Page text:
But all is forgiven when garbage piled up along various parts of the meandering queue to Parliament House - where Lee Kuan Yew’s body was lying in airconditioned comfort - despite an army of cleaners being deployed on the ground. A 57-year-old cleaner (Singaporean, not Burmese) who should have collected his CPF and be at home playing with his grandchildren told TODAY, “We have to constantly walk around to clear the rubbish... If there are more people we may have to work overtime depending on instructions.” The irony of the situation was not lost on one commentator, “Remember to keep the place clean and green. Don’t forget (Mr Lee’s) legacy.” Wait till the old man gets up and scold you, then you know.
Imagine the horror if the keechiu general had ordered packet rice to add to the hordes drawn in by freebies like bottled water, umbrellas, and snacks. Dismissing the freeloader mentality, there is another plausible reason for the horrendous queues snaking towards the casket for a 3 second viewing.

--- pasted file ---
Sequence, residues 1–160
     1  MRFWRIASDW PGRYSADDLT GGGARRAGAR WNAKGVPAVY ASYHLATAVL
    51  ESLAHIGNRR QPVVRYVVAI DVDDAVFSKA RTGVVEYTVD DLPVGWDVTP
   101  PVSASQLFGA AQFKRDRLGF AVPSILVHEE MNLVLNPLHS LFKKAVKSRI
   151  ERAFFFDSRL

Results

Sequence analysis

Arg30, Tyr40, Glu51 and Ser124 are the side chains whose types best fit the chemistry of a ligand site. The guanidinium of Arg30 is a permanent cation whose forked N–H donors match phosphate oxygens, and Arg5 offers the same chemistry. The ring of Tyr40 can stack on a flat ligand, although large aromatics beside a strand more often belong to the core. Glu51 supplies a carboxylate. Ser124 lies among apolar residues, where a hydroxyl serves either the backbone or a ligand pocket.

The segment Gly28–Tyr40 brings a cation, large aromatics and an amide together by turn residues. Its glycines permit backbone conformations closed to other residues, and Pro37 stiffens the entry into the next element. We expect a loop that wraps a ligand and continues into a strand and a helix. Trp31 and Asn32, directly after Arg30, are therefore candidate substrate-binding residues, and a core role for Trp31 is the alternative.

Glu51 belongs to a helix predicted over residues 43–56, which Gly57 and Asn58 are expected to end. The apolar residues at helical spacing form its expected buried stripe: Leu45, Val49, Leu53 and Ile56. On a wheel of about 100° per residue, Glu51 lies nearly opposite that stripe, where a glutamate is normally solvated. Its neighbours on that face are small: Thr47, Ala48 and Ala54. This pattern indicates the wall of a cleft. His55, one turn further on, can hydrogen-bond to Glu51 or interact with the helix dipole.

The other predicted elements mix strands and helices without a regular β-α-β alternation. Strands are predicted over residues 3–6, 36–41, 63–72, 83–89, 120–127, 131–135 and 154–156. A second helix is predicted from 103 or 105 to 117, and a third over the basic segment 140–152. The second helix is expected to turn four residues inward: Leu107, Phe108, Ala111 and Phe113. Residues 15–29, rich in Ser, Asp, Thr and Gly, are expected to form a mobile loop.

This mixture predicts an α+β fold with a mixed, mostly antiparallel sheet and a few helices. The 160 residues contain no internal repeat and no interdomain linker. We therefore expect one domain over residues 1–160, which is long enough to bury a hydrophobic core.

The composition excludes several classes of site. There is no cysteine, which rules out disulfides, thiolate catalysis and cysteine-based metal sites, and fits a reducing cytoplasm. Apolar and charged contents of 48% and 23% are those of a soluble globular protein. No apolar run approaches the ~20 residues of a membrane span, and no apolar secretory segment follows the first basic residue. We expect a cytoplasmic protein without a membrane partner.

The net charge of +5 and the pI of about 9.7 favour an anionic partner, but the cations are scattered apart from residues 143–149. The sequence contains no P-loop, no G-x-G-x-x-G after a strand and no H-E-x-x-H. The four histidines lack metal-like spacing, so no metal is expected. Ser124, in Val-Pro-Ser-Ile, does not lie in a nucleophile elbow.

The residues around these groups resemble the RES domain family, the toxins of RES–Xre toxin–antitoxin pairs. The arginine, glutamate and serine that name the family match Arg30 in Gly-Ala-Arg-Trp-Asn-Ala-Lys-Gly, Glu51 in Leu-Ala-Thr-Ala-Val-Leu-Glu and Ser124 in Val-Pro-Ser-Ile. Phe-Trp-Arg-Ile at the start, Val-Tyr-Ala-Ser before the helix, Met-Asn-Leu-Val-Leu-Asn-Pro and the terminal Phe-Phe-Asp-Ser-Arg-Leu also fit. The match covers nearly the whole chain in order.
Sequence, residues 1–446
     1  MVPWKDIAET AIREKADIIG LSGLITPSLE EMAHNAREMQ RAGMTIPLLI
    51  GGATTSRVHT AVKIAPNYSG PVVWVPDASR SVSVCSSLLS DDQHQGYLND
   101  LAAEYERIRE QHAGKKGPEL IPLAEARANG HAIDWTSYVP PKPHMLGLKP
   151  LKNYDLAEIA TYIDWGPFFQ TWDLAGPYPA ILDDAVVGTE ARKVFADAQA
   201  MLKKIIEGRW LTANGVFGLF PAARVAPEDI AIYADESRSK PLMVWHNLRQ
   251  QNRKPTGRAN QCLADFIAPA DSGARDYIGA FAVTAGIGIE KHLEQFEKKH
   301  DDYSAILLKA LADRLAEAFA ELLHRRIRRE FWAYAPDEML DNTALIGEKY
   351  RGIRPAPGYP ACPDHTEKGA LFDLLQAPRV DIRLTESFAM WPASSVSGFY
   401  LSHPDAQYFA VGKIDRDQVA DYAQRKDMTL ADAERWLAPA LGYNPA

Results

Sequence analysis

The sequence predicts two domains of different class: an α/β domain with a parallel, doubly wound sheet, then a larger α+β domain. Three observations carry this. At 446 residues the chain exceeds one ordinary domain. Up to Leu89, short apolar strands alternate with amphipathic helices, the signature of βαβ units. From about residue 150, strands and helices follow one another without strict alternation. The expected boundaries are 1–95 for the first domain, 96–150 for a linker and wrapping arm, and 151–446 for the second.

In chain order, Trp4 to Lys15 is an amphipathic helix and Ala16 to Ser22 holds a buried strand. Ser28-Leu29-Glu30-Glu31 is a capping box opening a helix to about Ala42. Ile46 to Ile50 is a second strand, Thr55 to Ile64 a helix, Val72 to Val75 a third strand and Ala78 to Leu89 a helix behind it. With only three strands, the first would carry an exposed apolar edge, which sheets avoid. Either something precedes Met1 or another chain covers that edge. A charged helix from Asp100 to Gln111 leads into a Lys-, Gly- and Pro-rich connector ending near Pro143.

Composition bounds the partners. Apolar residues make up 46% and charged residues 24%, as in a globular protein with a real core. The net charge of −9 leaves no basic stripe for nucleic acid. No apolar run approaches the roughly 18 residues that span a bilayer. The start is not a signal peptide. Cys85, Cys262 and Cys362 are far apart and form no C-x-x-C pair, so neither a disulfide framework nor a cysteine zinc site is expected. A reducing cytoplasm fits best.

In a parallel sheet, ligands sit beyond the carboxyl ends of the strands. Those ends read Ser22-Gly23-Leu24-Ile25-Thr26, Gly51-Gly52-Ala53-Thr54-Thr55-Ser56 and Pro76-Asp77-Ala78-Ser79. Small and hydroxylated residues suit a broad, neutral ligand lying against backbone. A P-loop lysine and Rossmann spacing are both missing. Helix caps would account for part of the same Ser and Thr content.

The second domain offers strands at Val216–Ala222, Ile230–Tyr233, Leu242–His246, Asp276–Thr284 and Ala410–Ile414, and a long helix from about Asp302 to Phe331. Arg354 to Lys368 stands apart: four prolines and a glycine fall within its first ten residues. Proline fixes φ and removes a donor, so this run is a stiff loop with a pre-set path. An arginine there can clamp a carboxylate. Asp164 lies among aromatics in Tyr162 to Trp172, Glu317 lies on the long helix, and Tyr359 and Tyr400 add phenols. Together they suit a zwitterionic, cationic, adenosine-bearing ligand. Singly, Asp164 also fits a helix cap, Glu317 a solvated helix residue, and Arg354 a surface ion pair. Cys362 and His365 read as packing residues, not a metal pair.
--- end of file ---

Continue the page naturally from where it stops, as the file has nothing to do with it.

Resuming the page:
Stockholm syndrome, or capture-bonding, is a psychological phenomenon which explains why hostages express sympathy and develop positive feelings toward their captors, sometimes to the point of defending and identifying with the captors. Popularised in the 1988 movie, Patty Hearst, an American heiress from the Hearst publishing family kidnapped by the Symbionese Liberation Army (SLA), was a dramatic demonstration of the transition from victim to supporter.
The shift in Hearst's inexplicable behavior with the SLA has been widely attributed to the psychological phenomenon, an effect thought to occur when victims' initially frightening experiences are later countered with acts of compassion or comradery by those same perpetrators. The horror of the Central Provident Fund nest egg being held hostage are quickly forgotten, in exchange for GST vouchers, Pioneer Generation cards and other "acts of compassion". Either that or the surfeit of celebratory champagne is kicking in.